Earlier this month we published photographer and filmmaker Kalle-Petter Wilkman’s mesmerizing pictures from Iceland, all taken on a Nokia Lumia 925. To follow those up, we’re proud to showcase Kalle-Petter’s video from the same trip, showcasing what he learned on his trip about shooting videos on his Nokia Lumia.
As Kalle-Petter puts it, “while most of the basic rules of photography also apply to video, there are few technical things that will immediately improve the quality of your videos. In the video below, he showcases the differences his tips can make, with version one before and version two after. It’s also worth remembering, while checking out his tips, that the video and audio clips are straight from the phone: no colour corrections or filters etc were used.
1. Go manual
Do you sometimes notice the odd Jell-O-effect and focus going back and forth in your video clip? The Nokia Camera app lets you set the focus manually, which is an extremely fast and easy way to make your videos look better. Setting the focus to “infinite” is usually a good idea for anything other than macro shots, giving you a nice sharp image. Setting the white balance manually avoids unwanted colour changes, which might occur when there’s lot of shadows around and especially if there’s a mix of different light sources. And of course you can play around with it, trying out all sorts of weird colours!
While the optical image stabilisation systems of the new Lumias works better than any IS-system before, having some extra support doesn’t do any harm when shooting video, especially if there’s a moving subject or you want to do some pans and tilts. A small tripod with a phone clip is a good idea or with the Lumia 1020 there’s the ever-so-handy camera grip with a standard screw mount to fit almost any tripod. And of course there’s always a chance to be creative and use whatever you have around to steady the phone. Trees, tables, cars and road signs all make great backup tripods!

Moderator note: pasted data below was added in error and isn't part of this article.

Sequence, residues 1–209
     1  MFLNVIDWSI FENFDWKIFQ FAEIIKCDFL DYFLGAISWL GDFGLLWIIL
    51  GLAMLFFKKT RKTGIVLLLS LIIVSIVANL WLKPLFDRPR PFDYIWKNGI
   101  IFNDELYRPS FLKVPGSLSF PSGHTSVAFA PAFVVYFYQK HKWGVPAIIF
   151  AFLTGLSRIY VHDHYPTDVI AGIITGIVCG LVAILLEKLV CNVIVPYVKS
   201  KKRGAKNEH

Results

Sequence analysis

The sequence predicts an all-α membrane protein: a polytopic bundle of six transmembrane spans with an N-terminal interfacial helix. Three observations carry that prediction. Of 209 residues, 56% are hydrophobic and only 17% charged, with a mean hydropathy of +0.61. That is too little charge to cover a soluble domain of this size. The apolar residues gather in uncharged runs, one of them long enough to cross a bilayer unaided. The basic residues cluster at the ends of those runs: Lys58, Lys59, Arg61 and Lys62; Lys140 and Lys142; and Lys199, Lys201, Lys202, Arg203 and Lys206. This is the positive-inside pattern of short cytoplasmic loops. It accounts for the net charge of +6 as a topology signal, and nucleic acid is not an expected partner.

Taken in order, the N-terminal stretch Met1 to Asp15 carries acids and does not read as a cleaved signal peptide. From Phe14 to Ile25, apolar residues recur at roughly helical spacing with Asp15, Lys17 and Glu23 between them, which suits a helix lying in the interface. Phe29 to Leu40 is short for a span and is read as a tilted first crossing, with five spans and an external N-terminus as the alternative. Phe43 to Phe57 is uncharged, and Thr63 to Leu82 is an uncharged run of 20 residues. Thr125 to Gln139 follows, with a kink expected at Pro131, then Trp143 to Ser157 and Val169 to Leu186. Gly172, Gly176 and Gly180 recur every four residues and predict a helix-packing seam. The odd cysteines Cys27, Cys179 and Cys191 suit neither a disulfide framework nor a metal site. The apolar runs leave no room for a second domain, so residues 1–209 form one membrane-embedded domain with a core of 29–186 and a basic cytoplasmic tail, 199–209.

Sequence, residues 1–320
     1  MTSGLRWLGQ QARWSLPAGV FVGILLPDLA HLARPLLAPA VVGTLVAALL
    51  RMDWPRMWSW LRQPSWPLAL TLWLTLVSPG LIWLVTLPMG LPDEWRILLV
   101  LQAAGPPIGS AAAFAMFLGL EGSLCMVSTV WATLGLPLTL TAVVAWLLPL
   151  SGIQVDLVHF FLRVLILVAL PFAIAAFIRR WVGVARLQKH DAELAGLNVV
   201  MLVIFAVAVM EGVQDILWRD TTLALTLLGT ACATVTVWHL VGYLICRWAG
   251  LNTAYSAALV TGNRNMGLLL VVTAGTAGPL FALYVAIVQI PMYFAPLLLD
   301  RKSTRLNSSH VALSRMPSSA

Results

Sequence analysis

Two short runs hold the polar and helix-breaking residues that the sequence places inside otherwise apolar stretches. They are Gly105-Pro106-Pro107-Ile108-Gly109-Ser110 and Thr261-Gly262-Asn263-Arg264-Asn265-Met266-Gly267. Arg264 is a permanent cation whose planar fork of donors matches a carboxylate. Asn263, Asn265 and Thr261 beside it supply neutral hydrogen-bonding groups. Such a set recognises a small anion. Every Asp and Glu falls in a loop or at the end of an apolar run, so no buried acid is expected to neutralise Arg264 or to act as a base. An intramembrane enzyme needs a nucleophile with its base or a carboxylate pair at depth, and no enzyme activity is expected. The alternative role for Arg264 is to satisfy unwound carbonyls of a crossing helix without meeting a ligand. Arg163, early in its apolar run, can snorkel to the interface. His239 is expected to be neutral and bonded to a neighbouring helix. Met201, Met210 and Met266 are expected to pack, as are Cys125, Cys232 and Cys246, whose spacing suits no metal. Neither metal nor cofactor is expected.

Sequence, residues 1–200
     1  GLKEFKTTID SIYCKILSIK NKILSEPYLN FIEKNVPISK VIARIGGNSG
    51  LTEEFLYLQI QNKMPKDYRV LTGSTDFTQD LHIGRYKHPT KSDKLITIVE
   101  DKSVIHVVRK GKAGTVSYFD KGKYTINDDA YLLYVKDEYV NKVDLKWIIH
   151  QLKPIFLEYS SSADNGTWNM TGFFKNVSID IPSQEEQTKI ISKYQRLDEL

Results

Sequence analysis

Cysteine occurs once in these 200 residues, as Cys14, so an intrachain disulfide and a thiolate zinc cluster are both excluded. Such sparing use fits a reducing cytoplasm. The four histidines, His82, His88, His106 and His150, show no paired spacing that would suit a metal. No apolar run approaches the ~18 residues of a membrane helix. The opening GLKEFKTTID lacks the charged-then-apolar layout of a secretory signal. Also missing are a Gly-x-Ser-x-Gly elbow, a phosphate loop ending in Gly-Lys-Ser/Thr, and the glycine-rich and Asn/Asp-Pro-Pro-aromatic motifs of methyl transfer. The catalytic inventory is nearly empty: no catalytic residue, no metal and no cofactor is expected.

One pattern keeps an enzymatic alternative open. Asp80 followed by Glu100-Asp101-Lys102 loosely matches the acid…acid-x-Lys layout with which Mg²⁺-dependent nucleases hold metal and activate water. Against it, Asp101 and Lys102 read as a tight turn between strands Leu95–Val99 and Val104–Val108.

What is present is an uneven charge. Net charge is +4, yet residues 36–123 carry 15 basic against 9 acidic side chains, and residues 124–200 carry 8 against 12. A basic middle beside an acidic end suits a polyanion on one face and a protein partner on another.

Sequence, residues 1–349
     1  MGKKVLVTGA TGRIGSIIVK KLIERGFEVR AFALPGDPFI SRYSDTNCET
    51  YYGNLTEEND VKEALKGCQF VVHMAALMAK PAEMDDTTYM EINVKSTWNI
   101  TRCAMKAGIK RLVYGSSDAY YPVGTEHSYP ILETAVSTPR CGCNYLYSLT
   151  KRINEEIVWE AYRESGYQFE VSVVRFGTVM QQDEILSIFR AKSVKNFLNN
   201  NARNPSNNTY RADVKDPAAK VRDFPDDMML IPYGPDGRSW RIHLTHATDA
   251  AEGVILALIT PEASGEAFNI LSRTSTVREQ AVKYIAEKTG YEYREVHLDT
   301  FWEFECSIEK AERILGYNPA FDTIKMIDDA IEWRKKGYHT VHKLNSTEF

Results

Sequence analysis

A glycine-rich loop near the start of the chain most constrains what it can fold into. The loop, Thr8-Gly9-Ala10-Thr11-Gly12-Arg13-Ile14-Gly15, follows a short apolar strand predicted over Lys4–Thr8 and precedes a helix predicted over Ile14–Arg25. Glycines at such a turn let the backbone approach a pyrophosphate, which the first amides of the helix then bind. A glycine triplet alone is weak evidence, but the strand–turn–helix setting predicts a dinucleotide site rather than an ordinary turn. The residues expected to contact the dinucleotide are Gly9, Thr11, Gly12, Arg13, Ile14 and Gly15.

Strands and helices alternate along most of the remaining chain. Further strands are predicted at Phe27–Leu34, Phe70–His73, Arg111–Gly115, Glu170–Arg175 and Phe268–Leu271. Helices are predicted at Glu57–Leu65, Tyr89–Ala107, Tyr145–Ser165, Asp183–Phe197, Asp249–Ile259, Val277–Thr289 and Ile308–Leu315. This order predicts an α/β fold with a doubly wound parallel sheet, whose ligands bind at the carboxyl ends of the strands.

3. Good audio
Everyone knows how hard it’s to record decent audio, even with a proper external microphone. The audio quality of my Lumia 925 surprised me big time and it’s actually quite good as long as it’s not terribly windy. The clip was recorded during a choir rehearsal in the hallway of the Harpa concert hall in Reykjavik, Iceland. Most of the time using a fitting song in the background will get your clip to a whole new level, but remember the copyright issues if you’re planning to share your video!
Always record a little longer clip than you would really need, as you can always cut it shorter afterwards and that extra duration will give you more room for editing. Comes handy too when filming things like geysers… It’s also a good idea to shoot the same subject in different ways, as using various slightly different clips from the same spot will give the final cut some structure. And while you probably don’t want your holiday video to look like a music video, it still might be a good idea to keep the video as short as possible. The attention span of people is getting shorter and shorter, and us smartphone users are probably leading the way!
Well, ain’t it amazing how so few things make such a huge difference to the quality of your Nokia Lumia footage? Have you discovered anything else that’s transformed your videos? If so, please let us know in the comments below. And if you want to see more of Kalle-Petter’s work be sure to check out his Flickr portfolio. We promise, you’re in for a treat!